Game Design Diary #2: Mechanics Inspiration

Compared to the board game geeks and designers that I’ve read online, I haven’t really played a lot of board games, especially all the new ones that have recently come out. I have to say though that I thoroughly enjoyed discovering all these new Euro games like Settlers of Catan. Swapping cards with 7 Wonders; deck building with Dominion; worker placement with Lords of Waterdeep; cooperative gaming with Pandemic — these were all incredibly new and fun concepts to me! So when Elbert and I decided to start thinking about Halalan, I thought that I could start first by reviewing existing mechanics and see which ones I can copy and combine into something new.

Lords of Waterdeep is one my favorite board games these days! Image source.

The game definitely needed three main components: the Politicians who are running for office, which represent the players; the Voters who the politicians are vying for, which represent earned victory points; and Strategies, which represent the various activities that the politicians do during campaign season.

Out of the games I mentioned above, Lords of Waterdeep was something that really stood out for me and my wife. Apart from the beautiful art and overall D&D theme, the rules were very simple to understand, and the game felt very balanced and competitive at the same time. The Quest card mechanic from Lords felt like a good mechanic to use to represent Voter cards. The player can accumulate a certain number of resources and use it to win over (or buy) the voters to their side.

Sample of Quest cards from Lords of Waterdeep with a requirement and a reward. Image source.

We initially thought that these resources could be a combination of “Intellect”, “Wealth”, and “Influence”. But after much thought, I really wanted the experience of getting the voters to not feel like a purchased item. In real elections, an undecided voter demographic is being pulled back and forth by various politicians through their campaign jingles, speeches, debates, public appearances, and mudslinging at their opponents. Having a politician “pay” a fee to outright “win” a voter didn’t seem to fit the bill. Rather, I imagine it to be a tug-of-war, where players are paying actions and resources each turn to bring a voter to their side, while their opponents try to pull them away at the same time.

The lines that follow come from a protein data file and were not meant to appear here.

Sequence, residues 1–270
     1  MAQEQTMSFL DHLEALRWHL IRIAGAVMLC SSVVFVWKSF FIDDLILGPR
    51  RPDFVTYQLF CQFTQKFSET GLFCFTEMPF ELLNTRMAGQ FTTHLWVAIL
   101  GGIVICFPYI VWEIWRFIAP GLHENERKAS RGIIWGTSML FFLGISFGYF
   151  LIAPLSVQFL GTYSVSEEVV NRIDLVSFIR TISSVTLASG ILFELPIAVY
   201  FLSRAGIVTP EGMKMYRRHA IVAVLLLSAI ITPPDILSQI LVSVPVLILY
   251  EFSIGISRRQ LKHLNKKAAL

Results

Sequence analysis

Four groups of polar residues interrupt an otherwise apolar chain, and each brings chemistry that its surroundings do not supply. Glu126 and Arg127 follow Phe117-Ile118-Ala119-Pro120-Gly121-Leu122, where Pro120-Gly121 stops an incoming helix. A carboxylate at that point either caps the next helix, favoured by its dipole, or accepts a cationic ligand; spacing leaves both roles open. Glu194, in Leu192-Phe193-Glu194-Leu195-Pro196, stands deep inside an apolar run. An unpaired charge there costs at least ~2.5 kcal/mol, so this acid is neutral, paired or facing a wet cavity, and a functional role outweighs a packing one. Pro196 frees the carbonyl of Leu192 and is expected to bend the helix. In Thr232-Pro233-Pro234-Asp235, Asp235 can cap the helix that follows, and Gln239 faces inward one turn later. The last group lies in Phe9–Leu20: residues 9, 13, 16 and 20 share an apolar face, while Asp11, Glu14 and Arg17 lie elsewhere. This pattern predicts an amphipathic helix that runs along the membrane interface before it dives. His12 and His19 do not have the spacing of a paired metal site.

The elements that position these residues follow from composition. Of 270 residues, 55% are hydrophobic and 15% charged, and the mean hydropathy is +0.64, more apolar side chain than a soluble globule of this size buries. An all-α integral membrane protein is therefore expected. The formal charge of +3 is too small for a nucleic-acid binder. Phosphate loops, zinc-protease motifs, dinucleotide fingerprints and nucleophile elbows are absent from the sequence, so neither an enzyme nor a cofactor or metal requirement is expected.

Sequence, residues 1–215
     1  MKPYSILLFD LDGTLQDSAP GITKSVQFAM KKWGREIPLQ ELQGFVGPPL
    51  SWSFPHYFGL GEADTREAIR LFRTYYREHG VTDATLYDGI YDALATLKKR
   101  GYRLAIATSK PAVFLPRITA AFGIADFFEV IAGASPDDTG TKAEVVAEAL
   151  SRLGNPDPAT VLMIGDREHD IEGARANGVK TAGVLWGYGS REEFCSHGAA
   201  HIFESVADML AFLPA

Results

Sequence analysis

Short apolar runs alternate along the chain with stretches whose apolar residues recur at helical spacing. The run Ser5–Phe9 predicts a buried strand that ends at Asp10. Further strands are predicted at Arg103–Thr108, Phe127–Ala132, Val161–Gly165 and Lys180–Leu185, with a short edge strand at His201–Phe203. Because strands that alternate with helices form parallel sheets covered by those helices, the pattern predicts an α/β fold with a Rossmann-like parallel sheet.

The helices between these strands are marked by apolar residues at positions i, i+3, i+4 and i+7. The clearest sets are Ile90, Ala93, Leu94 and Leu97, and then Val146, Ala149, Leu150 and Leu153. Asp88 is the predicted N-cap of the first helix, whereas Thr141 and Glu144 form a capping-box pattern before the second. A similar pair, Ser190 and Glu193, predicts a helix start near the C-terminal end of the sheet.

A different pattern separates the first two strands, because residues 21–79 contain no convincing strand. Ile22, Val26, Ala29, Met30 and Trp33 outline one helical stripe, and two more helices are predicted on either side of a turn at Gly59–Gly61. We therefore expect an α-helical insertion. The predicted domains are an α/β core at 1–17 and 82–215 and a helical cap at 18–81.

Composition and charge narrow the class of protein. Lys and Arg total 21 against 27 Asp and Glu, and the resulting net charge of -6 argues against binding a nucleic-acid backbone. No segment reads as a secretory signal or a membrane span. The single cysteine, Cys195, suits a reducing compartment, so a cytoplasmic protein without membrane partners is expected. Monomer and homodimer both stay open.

Android Netrunner, a fantastic two-player game of bluffing and intense strategy! Image source

Given this situation, I decided to look at other games for inspiration. One of my favorite card games is Android Netrunner, originally designed by the legendary Richard Garfield (creator of Magic the Gathering), and recently revived by Fantasy Flight Games. In Netrunner, there are Agenda cards which has a requirement number and a points number. The player has to spend actions (clicks) and currency (bits) to place tokens (advancement tokens) on the Agenda card. Once the number of tokens meets the requirement, then the player wins the Agenda and receives its corresponding points. The design of placing tokens on the card seemed to answer my problem.

Sample Agenda card with a requirement at the top, reward points at the left side, and reward ability in the center text box. Image source.

Imagine a Voter card that requires five tokens to win, and gives out three victory points. Players can spend one action and one resource to place one Influence token on the card. The first player who places enough tokens to meet the requirement wins the card. So each turn, the card would be covered with colored tokens from the players. A player can spend their resources campaigning to the voter, but an opponent can still snag it away as long as they reach the required amount first.

Strategy cards can help create more efficient ways of generating influence tokens. Players will also have to be strategic in choosing their battles if there are more than one Voter card available at a single time to choose from. Do they go for an easy Voter card that gives less points or do they invest in a bigger fish? Do they abandon a card that a lot of other players are fighting for and switch to an ignored card? I haven’t play tested the idea yet, and I’m definitely open to changing the idea if this doesn’t turn out well. But so far being able to tweak a mechanic from a game I love into something new feels very exciting to me! I’m really hoping this leads to something challenging and fun.

Tomorrow I’ll focus on the thoughts I currently have for the Politician cards.

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